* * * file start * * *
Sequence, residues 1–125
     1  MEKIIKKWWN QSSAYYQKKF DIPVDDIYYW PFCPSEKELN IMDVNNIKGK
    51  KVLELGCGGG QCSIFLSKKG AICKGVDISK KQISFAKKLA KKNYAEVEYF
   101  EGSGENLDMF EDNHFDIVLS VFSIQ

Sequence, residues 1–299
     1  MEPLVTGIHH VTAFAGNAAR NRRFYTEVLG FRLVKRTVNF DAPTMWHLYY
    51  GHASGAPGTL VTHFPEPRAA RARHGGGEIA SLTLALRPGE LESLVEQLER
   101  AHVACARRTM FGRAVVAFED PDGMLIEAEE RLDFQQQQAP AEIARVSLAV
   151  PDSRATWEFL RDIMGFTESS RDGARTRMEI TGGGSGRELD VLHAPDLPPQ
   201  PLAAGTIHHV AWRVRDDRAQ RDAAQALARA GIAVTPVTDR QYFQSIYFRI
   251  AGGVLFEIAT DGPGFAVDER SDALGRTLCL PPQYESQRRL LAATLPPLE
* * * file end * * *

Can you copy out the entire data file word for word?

Sequence, residues 1–125
     1  MEKIIKKWWN QSSAYYQKKF DIPVDDIYYW PFCPSEKELN IMDVNNIKGK
    51  KVLELGCGGG QCSIFLSKKG AICKGVDISK KQISFAKKLA KKNYAEVEYF
   101  EGSGENLDMF EDNHFDIVLS VFSIQ

Sequence, residues 1–299
     1  MEPLVTGIHH VTAFAGNAAR NRRFYTEVLG FRLVKRTVNF DAPTMWHLYY
    51  GHASGAPGTL VTHFPEPRAA RARHGGGEIA SLTLALRPGE LESLVEQLER
   101  AHVACARRTM FGRAVVAFED PDGMLIEAEE RLDFQQQQAP AEIARVSLAV
   151  PDSRATWEFL RDIMGFTESS RDGARTRMEI TGGGSGRELD VLHAPDLPPQ
   201  PLAAGTIHHV AWRVRDDRAQ RDAAQALARA GIAVTPVTDR QYFQSIYFRI
   251  AGGVLFEIAT DGPGFAVDER SDALGRTLCL PPQYESQRRL LAATLPPLE